Gari Ledyard (Ph.D., California-Berkeley, 1966) is King Sejong Professor Emeritus of Korean Studies and Director Emeritus of the Center for Korean Research. He is the author of The Dutch Came to Korea (Royal AsiaticSociety, 1971), The Korean Language Reform of 1446 (Sin’gu Munhwasa, Seoul, 1998), “Cartography in Korea,” a book-length monograph with over sixty illustrations in The History of Cartography, Vol 2, Part 2 (Univ. of Chicago Press, 1994) and many other monographs, articles, and reviews related to Korean and East Asian history. He was Chairman of the Department of East Asian Languages and Cultures from 1980-1983, and was the founder of the Center for Korean Research in 1992. He retired in 2000 but remains active in research and publication.

Beom Lee (M.A., Hanyang University, Seoul, Korea) received his B.A. (1988) and M.A. (1990) in sociology from Hanyang University, Seoul, Korea, and earned an M.A. (2002) and Ed.M. (2005) in Instructional Technology and Media, specialized in second language learning with multimedia, from Teachers Collage, Columbia University. In Korea, he taught philosophy, history, and culture of Korea and English in the Republic of Korea Army as a military officer in education and psychological warfare. He also worked for Hyundai Construction and Engineering Company as an assistant project manager, teaching job skills and computer software programs. From 2001, he instructed in multimedia software programs at Teachers College as a technology assistant, and taught non-heritage students Chinese characters and Korean as an associate at Korean Language Program, Columbia University. Beom Lee joined Columbia faculty in 2005.

Carol Schulz (M.Ed, Boston University, M.S. Columbia), Senior Lecturer, Director of Korean Language Program, received her B.A. from Ewha Womans University, Seoul, Korea (1963), her M.Ed. from Boston University (1971), and her M.S. from Columbia University (1973). Carol H. Schulz joined Columbia faculty in 1973. Her publications include The Korean Proficiency Guidelines, co-authored with others, National Foreign Language Resources Center, (University of Hawaii, 1992); Integrated Korean, Beginning 1 and 2, co-authored with others, (University of Hawaii Press, 2000); Workbook for Integrated Korean, Beginning 1, (University of Hawaii Press, 2000); Integrated Korean, Intermediate 1 and 2, co-authored with others, (University of Hawaii Press, 2001); Workbook for Integrated Korean, Intermediate 1, (University of Hawaii Press, 2001); Listening Comprehension in Elementary Korean, co-authored with others, the Consortium for Language Teaching and Learning, (Yale University); Online Listening Comprehension in Korean, (Columbia University, 2003); "Are women still flowers of the workplace?" Selected Readings in Korean, (University of Hawaii Press, 2004); and "Korean Terms for Calendar and Horary Signs, Holidays and Seasons." Korean Language in Culture and Society, (University of Hawaii Press, 2006).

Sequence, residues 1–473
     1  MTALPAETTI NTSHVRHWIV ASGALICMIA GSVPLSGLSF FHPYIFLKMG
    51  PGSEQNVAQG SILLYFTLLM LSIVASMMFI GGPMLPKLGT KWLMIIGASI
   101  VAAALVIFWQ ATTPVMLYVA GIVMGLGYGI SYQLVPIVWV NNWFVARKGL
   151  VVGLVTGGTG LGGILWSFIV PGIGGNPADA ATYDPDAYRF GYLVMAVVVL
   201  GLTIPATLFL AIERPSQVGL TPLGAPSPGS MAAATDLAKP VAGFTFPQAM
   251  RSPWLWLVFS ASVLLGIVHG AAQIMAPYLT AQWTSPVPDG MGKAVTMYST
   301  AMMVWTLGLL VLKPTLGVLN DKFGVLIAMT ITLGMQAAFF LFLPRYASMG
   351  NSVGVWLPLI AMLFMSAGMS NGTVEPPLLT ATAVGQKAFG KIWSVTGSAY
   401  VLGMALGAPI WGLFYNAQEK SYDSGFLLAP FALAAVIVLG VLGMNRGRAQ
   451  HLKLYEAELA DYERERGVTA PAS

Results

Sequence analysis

Sunhee Song received her Elementary Education from Busan National University of Education, M.A. in Teaching English to Speakers of Other Languages (TESOL) from San Francisco State University, and both Ed.M. and Ed.D (2009) in TESOL from Teachers College, Columbia University. In Korea she worked as a public school teacher for 5 years. In the U.S. she has been teaching English as a second language in various settings and teaching Korean as a foreign language at the Korea Society in New York while studying in the doctoral program at Columbia University. She also taught Korean at Princeton University. Her research and teaching interests include second and foreign language acquisition, language pedagogy, and interactional approaches to language development.